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December 30, 2009It was the big, huge (6-foot-5 to be exact) elephant in the room prior to the 2009 season.
"A lot of people didn't know how Blaine was going to be this year," Derrick Washington told me recently.
For all the doubters of Missouri football this year-and there was no shortage-there was one major issue. They didn't doubt Missouri football so much as they doubted Blaine Gabbert. The kid had never won at a high level. He had never put up big numbers. He had struck most people as a true leader. As offensive coordinator David Yost said, nobody really knew if he had "it."
Sure, the Tigers lost a lot off their 2008 team. William Moore, Ziggy Hood, Jeremy Maclin, Chase Coffman. On and on. But if Chase Daniel were still the quarterback of this team, I don't think you'd have seen many predictions of fifth in the North or four-win seasons. No, this season, these doubts, were all on Blaine Gabbert.
"Going into Illinois everybody was shaky about what was going to happen," Jerrell Jackson said. " But in our minds, we knew that Blaine could do it."
And do it he did. Gabbert told me he will always think about the three-game losing streak in the middle of the season. That's what quarterbacks do. They're perfectionists. The mistakes hurt far more than the good days are rewarding. But Tiger fans should not lose sight of the fact that there were a whole lot of good days.
Take quick stock of these numbers:
11th in the country in total offense
12th in total passing yards and yards per game
31st in passing efficiency
27th in points responsible for
All these out of a guy that had thrown 13 collegiate passes before the season opener. The numbers get even more impressive when you compare Gabbert to his true peers. Here is where he ranked among freshman or sophomore quarterbacks:
3rd in total offense
3rd in total passing yards
2nd in passing yards per game
8th in passing efficiency
5th in points responsible for
And, oh by the way, Arkansas' Ryan Mallett, the only sophomore ahead of Gabbert in every category, might be going pro after this season.
In other words, what Missouri brings back in 2010 is one of the nation's top returning quarterbacks.
"He's probably in the top three in the Big 12 this year in my opinion," Washington said. "I think next year he's gonna run the table and be the best in the Big 12."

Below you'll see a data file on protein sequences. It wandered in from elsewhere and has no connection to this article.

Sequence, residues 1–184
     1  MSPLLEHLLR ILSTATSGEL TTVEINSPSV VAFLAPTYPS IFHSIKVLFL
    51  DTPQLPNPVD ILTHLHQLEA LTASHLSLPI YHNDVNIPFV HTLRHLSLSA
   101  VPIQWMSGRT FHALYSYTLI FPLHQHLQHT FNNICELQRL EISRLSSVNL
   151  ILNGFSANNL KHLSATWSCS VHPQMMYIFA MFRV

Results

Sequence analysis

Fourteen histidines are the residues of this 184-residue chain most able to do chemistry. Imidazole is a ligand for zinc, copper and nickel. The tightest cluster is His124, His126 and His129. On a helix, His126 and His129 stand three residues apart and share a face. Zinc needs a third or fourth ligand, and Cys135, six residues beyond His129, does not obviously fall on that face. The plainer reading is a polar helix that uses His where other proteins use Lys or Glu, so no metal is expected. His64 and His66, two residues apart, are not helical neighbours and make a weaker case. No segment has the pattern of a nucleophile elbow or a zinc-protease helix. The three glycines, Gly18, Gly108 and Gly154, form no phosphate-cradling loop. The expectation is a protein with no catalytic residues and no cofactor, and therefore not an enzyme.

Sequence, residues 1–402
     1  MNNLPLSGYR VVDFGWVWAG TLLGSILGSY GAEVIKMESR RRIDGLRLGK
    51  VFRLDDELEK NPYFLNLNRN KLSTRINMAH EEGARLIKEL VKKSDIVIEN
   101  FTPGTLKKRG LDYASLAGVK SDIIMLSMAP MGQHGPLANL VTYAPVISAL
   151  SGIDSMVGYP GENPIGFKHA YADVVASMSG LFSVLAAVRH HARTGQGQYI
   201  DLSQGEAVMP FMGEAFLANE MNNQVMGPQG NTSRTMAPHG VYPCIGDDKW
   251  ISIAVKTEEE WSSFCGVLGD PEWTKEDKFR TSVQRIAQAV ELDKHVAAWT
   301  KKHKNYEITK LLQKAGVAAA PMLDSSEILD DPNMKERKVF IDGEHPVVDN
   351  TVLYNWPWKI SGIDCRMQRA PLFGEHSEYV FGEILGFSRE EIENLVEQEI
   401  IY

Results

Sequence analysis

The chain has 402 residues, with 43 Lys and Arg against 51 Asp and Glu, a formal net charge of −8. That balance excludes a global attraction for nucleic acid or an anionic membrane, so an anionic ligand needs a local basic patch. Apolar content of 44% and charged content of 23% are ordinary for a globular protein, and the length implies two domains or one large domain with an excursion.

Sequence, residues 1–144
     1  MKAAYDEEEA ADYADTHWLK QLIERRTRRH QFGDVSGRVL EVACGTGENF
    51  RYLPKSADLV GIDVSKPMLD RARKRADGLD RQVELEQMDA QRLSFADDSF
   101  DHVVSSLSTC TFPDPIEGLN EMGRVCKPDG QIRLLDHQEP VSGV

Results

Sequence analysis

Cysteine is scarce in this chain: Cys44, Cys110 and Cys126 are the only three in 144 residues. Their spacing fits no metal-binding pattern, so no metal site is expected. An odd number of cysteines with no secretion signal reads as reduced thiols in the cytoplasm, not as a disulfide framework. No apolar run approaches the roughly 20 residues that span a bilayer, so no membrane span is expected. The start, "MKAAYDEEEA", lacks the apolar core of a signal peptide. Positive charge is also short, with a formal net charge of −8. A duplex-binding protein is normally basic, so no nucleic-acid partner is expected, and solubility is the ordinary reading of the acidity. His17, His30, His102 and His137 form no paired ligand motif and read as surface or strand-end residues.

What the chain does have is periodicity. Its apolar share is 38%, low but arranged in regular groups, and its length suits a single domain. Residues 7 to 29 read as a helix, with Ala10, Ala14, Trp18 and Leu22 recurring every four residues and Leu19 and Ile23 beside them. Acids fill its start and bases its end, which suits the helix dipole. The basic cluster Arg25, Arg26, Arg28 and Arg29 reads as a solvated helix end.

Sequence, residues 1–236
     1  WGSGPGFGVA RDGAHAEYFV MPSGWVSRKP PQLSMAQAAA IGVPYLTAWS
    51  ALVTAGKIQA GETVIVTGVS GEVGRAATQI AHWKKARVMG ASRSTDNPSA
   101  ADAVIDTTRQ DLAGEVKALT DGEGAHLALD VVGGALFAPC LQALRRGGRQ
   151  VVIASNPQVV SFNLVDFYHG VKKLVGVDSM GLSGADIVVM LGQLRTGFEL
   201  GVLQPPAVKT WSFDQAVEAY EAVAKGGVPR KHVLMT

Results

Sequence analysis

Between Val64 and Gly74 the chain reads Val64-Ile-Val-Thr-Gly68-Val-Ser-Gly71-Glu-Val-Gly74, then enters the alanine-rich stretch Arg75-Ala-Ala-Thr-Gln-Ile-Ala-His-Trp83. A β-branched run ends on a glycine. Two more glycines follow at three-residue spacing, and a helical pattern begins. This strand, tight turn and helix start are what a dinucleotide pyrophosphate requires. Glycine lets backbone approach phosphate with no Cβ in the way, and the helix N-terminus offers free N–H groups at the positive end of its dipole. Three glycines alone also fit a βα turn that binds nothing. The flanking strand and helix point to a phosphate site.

It's not an argument that is all that tough to make. Texas A&M's Jerrod Johnson will be in the discussion. Austen Arnaud, Landry Jones and whoever starts at Texas Tech will be as well. Robert Griffin will be back at Baylor, but he will also be coming off a torn ACL. Gabbert should offer his team as much enthusiasm moving forward as anyone in the league.
Heading into 2006, many questioned how Missouri would replace Brad Smith. The Tigers did so with Chase Daniel, who completed 63.5% of his passes for 3,527 yards, 28 touchdowns and ten interceptions while winning eight games. Gabbert replaced Daniel this season by completing 59.7% of his passes for 3,307 yards with 23 touchdowns and seven picks. He has won eight games with one more to go.
Daniel, of course, made a quantam leap in his second year as a starter. He completed 68.2% of his passes for 4,306 yards, 33 touchdowns and 11 interceptions as a junior. The Tigers won 12 games, were a half away from playing for a national championship and Daniel finished fourth in the Heisman Trophy voting.
I'm not saying the same progress awaits Gabbert. But I'm not saying it doesn't. He will be better. He was better in week ten than week two. He was healthy. Last August, Gabbert was the biggest question mark in Missouri football. Next August, he will be the biggest reason to hope the Tigers are on their way back to national prominence.
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